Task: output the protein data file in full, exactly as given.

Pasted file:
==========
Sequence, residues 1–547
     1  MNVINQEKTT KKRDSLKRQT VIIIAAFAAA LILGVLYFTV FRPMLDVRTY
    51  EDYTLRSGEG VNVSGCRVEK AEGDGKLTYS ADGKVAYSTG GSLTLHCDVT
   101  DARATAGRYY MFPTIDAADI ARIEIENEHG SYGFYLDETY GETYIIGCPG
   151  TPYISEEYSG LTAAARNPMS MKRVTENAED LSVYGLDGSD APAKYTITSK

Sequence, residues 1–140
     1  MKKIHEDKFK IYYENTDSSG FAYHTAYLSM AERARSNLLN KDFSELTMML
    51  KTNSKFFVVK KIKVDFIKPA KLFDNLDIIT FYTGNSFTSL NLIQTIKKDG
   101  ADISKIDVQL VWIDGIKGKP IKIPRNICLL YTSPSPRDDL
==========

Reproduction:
Sequence, residues 1–547
     1  MNVINQEKTT KKRDSLKRQT VIIIAAFAAA LILGVLYFTV FRPMLDVRTY
    51  EDYTLRSGEG VNVSGCRVEK AEGDGKLTYS ADGKVAYSTG GSLTLHCDVT
   101  DARATAGRYY MFPTIDAADI ARIEIENEHG SYGFYLDETY GETYIIGCPG
   151  TPYISEEYSG LTAAARNPMS MKRVTENAED LSVYGLDGSD APAKYTITSK

Sequence, residues 1–140
     1  MKKIHEDKFK IYYENTDSSG FAYHTAYLSM AERARSNLLN KDFSELTMML
    51  KTNSKFFVVK KIKVDFIKPA KLFDNLDIIT FYTGNSFTSL NLIQTIKKDG
   101  ADISKIDVQL VWIDGIKGKP IKIPRNICLL YTSPSPRDDL